Moving to the ‘next generation’ handgun

OPP Fleet Supply & Weapons Services Bureau
December 15, 2017
By OPP Fleet Supply & Weapons Services Bureau
An OPP member demonstrates the replacement handgun's mounted light feature.
An OPP member demonstrates the replacement handgun's mounted light feature. Photo: OPP
The Ontario Provincial Police is about to become the first major police agency in North America to equip all of its uniformed officers with the next generation handgun — the Glock Model 17M.

The new pistol is lighter and includes a weapon-mounted light as well as an affixed contoured pressure switch requiring a custom holster. New nine millimetre rounds of ammunition are part of the transition and are preferred by the OPP due to much lower recoil. This improves the user’s ability to steady the handgun and prepare for a follow-up shot, reduces shooter fatigue, and increases accuracy and the officer’s confidence.

The current OPP handgun inventory is about 7,000 units and the majority have been in service for more than 15 years — well past the usual service life for most police pistols. The OPP’s Clothing and Equipment Committee made recommendations to replace the OPP’s current handgun in order for officers to have access to new technology and better weaponry, and to ensure that all duty handguns are in a constant state of readiness — an organizational requirement.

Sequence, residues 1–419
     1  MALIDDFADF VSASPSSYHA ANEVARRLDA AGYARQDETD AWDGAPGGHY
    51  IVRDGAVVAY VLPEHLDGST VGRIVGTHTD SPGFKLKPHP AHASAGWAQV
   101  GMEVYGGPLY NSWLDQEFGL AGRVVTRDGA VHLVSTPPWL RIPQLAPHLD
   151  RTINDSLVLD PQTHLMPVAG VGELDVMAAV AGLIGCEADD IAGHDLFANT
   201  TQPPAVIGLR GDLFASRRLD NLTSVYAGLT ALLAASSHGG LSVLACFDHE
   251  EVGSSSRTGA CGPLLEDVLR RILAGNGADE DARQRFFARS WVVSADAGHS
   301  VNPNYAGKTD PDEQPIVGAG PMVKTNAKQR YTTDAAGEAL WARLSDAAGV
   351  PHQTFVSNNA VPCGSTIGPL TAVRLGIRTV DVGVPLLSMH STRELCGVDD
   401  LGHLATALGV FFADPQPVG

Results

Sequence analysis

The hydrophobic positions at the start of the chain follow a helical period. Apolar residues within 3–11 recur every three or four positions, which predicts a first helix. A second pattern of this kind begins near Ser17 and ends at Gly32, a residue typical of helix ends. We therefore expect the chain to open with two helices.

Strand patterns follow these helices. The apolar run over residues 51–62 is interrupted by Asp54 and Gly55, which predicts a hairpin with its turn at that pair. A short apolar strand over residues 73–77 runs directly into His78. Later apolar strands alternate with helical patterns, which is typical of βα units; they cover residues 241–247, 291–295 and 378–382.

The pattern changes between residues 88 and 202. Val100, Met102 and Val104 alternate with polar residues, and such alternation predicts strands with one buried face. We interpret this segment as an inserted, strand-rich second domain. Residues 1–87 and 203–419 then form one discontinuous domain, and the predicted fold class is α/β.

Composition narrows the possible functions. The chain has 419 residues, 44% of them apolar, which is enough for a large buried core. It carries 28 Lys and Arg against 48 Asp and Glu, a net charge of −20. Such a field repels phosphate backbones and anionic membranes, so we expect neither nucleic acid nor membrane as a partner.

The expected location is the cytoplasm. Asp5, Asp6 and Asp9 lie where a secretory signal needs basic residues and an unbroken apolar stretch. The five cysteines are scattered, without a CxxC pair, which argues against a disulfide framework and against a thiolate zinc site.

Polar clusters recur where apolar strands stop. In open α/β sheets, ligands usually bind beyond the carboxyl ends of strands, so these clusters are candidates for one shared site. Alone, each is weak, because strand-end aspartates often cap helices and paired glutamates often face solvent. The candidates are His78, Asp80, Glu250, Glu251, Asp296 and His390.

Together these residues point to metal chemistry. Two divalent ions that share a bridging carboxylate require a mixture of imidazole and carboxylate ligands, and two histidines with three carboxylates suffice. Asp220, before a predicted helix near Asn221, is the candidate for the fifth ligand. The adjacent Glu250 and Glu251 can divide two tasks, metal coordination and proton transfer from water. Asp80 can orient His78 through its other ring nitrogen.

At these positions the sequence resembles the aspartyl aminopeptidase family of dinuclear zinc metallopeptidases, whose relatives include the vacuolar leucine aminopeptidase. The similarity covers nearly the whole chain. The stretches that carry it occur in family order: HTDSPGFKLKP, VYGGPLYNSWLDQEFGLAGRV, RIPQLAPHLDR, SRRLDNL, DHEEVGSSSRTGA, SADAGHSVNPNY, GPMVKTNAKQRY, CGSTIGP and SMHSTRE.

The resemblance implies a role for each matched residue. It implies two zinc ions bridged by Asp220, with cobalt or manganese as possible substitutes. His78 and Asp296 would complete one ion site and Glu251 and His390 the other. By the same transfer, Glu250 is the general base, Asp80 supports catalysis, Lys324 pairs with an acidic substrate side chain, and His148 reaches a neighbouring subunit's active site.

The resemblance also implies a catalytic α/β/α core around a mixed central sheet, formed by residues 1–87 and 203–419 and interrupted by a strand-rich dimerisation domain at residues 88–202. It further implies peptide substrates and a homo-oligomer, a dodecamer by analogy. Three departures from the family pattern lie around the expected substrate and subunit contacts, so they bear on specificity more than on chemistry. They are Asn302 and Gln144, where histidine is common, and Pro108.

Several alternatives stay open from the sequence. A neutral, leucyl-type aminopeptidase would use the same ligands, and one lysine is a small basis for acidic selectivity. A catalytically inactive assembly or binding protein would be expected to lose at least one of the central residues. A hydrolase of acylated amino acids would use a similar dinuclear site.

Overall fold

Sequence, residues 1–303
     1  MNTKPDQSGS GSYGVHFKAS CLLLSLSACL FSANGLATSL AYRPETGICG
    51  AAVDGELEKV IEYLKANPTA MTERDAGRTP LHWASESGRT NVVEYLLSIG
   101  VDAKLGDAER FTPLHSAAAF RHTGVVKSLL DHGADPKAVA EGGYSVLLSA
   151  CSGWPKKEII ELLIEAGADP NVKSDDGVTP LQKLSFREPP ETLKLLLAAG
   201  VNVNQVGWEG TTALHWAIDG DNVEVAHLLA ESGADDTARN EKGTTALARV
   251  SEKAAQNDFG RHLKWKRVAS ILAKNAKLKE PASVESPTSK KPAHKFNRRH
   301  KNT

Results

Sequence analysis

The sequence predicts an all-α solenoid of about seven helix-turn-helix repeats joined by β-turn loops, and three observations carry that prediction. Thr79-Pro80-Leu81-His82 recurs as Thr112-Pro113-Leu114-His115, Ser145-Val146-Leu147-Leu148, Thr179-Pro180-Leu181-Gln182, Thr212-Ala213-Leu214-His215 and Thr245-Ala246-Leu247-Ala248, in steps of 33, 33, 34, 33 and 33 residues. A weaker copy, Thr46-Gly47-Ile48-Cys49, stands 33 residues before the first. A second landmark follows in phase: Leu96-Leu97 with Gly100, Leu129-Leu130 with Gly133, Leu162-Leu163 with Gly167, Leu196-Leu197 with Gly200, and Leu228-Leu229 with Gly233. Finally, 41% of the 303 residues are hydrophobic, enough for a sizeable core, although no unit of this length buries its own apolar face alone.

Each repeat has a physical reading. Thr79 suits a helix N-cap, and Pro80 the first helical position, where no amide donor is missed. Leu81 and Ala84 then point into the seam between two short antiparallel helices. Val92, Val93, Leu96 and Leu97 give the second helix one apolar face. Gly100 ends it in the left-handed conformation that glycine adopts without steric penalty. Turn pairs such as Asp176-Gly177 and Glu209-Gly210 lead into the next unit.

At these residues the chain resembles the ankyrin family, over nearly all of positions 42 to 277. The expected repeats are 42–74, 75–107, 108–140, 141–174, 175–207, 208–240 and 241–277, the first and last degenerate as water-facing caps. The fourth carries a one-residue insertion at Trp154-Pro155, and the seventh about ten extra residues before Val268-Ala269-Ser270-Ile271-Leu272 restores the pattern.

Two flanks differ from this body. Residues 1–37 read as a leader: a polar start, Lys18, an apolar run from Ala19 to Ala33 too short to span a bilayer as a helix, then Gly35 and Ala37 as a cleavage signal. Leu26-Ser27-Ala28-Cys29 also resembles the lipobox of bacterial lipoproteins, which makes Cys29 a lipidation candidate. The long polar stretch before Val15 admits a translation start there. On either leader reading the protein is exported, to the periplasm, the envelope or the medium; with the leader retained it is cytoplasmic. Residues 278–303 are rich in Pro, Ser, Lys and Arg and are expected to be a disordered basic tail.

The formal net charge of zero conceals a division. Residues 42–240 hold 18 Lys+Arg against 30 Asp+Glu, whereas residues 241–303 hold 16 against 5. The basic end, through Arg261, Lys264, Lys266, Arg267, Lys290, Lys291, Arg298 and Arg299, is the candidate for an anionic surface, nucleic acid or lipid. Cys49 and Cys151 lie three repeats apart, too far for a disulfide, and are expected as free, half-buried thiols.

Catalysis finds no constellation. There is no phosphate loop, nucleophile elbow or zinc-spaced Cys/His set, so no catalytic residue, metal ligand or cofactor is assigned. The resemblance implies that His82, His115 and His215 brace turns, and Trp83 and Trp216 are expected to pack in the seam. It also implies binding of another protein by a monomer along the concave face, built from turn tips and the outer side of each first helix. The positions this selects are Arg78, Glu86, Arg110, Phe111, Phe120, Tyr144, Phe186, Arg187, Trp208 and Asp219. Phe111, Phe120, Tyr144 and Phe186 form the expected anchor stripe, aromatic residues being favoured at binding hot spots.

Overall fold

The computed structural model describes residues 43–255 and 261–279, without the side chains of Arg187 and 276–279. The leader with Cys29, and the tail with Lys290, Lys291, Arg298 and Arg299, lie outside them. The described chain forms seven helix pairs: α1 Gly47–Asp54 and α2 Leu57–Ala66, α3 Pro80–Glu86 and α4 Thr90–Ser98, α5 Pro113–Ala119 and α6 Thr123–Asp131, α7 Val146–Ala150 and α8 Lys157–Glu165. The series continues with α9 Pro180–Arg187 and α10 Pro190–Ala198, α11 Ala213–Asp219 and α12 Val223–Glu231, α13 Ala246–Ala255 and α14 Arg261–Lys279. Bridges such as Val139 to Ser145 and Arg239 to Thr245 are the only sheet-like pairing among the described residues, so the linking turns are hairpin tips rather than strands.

OPP subject matter experts developed the specifications for the next generation handgun and its accessories. An evaluation team comprised of uniform and specialty unit members conducted tests, assisted by an external police agency of similar size and geography to the OPP. This was completed to ensure the selected handgun would support all officers and meet the minimum requirements set out in Ontario’s Police Services Act Regulation 926. The Commissioner’s committee then approved the purchase.

“Replacing OPP’s aging handguns will enhance both officer safety and public safety, solidifying our commitment to the ‘reinvestment’ pillar of our strategic plan and our policing partnerships,” said Commissioner J.V.N. (Vince) Hawkes. “The new handguns reduce our operating costs by reducing inventoried spare parts and the cost of maintaining older handguns.”

Officers will transition to the next generation handgun via the Provincial Police Academy’s In-Service Training Units as uniformed members attend their regularly scheduled, mandatory annual training, beginning in January 2018. New OPP recruit officers will also be issued the Glocks beginning next year.

The OPP intends to replace its handguns every 10 years.

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